The Student Assembly (SA) discussed reopening water fountains on campus, creating student mental health days, and establishing a better relationship between the Boston College Police Department (BCPD) and students in its meeting on Tuesday.
According to Thompson Penn, sophomore SA representative and CSOM ’25, BC Facilities said it will turn on campus water fountains soon.
“Unfortunately, when BC turned water fountains off, all the old water started to collect and sit there, which is disgusting,” he said. “So it makes sense that they’ve taken the time to reinstall new, clean water in the fountains. I think everyone will be very happy to have water fountains up and running again.”
SA members also discussed the possibility of having “student care days,” where students can take up to three mental health days off of school per year. The Boston Intercollegiate Government, an advocacy group representing 14 schools in the Greater Boston area, is seeking ways to improve student mental health after an apparent suicide occurred at Northeastern last December, according to Penn.
“The Intercollegiate Government believes student care days would be an effective way to help students not get to their breaking point and help those who need a mental break from the overwhelming stressors of schools,” Penn said.
Ellie Rogowski, chair of the Academic Affairs Committee and CSOM ’24, said this program could be a great way to normalize discussions about mental health between students and professors.
“I also think incorporating mental health resources and explaining these mental health resources in class syllabuses would be a natural next step to this,” Rogowski said.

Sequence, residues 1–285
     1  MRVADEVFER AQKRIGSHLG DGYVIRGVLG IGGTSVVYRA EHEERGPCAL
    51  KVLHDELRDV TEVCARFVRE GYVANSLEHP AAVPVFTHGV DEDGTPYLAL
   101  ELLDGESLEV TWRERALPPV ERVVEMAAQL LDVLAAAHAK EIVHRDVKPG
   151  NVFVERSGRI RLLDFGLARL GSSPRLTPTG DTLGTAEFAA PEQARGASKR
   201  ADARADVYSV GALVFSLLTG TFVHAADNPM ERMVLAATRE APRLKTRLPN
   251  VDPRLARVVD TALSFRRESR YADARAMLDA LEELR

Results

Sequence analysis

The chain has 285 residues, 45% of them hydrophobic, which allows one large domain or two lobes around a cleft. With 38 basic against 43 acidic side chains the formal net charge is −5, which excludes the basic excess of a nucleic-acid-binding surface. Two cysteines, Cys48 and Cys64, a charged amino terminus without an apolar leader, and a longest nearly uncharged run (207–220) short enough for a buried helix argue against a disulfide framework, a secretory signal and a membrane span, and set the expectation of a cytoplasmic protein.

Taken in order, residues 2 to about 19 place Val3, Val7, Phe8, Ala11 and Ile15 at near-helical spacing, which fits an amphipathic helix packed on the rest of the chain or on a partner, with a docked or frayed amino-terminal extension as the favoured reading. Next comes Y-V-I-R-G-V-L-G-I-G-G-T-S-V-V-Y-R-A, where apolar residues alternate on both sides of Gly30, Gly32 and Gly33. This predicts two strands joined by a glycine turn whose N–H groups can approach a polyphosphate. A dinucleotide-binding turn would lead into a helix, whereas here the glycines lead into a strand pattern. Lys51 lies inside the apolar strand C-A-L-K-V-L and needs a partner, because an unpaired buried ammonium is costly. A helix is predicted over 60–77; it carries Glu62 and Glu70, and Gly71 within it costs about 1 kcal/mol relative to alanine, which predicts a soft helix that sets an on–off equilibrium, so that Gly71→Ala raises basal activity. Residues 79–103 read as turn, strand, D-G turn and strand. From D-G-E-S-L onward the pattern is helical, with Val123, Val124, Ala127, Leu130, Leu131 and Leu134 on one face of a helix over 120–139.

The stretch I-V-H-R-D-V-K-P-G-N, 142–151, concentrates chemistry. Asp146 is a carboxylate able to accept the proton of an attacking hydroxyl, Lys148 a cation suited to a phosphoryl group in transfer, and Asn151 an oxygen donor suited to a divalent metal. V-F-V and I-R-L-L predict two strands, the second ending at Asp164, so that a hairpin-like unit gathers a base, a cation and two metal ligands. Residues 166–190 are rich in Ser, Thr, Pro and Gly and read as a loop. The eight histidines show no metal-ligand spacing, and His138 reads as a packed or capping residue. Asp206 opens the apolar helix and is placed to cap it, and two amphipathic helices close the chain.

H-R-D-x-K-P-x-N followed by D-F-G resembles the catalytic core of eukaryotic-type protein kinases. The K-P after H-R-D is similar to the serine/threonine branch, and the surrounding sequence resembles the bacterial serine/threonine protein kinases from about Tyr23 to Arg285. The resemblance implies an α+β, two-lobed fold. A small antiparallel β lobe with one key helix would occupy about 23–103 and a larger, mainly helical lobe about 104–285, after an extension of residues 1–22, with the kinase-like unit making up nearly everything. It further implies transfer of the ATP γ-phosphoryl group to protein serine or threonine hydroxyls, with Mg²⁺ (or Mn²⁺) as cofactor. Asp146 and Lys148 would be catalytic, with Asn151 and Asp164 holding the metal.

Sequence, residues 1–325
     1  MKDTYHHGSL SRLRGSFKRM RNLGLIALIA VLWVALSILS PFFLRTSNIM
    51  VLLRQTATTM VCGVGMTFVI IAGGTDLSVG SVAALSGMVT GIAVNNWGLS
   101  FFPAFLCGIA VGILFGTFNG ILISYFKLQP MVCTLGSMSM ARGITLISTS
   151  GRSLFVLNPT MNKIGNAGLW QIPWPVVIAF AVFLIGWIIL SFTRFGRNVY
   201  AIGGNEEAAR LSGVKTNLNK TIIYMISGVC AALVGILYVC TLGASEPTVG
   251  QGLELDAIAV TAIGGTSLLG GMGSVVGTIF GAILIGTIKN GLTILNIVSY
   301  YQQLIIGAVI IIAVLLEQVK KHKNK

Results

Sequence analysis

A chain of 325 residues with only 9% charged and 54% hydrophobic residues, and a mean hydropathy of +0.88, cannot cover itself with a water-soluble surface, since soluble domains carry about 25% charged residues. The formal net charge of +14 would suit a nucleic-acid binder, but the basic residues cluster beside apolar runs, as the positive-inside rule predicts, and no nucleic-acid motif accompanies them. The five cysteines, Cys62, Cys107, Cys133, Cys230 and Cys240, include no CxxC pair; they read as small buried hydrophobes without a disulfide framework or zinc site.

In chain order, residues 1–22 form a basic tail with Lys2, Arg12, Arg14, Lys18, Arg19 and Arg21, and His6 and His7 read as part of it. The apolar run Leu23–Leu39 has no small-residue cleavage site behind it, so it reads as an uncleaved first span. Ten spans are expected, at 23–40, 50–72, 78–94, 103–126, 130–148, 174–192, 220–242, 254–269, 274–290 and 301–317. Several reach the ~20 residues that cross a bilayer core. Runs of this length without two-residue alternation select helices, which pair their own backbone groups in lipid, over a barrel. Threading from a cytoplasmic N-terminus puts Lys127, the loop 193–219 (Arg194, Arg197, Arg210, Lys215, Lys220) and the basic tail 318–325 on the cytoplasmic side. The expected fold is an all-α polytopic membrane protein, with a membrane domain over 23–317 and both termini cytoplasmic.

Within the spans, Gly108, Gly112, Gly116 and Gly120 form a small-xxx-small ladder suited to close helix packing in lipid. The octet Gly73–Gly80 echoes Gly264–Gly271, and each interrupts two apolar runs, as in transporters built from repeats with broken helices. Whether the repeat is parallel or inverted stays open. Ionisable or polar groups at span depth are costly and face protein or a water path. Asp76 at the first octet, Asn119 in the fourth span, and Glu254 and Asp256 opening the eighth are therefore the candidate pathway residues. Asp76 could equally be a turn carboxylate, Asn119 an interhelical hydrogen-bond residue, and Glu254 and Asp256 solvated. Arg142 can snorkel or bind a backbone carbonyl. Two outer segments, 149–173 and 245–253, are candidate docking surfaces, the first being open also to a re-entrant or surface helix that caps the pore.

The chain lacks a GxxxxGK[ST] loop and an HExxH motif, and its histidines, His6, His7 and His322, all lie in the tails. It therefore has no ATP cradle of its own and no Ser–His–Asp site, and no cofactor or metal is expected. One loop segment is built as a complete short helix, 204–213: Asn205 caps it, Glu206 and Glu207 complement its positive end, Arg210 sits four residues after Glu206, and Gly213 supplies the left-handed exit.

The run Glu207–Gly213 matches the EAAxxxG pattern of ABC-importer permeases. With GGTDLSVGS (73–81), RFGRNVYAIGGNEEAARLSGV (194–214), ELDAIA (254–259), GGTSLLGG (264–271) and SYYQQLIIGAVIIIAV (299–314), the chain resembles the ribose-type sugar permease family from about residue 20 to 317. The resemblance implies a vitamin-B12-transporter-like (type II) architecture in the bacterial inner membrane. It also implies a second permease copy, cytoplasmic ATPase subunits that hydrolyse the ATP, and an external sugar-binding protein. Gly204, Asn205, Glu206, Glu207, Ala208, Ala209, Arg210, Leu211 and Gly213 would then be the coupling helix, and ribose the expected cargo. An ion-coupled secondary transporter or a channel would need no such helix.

Julia Spagnola, UGBC vice president and MCAS ’23, encouraged SA representatives to consider other ways UGBC could help improve mental health programming on campus.
“It’s not that [University Counseling Services] doesn’t want to help students,” she said. “It’s that their staffing and resources are really, really low. We want to point students to resources they can actually use and that are actually accessible. I think we all should also consider what we want UCS to look like in the future. What should it look like 10 to 15 years from now?”
The SA also discussed improving communication between students and BCPD through potential town hall meetings where the student body can ask police officers questions.
“The issue is that we, the student body, don’t understand the extent of BCPD’s role on campus,” Spagnola said. “I think the BCPD does a good job at communicating clearly with parents at the beginning of the academic year, but students don’t always get that same opportunity.”
UGBC members also suggested that town halls could be an opportunity to create a dialogue between students and BCPD to discuss topics such as bias-related issues on campus. According to Spagnola, this initiative resulted from a series of conversations between BCPD, UGBC members, and other University administrators.
“I think transparency and understanding are the keys to success with fostering a more clear relationship with the BCPD,” Spagnola said.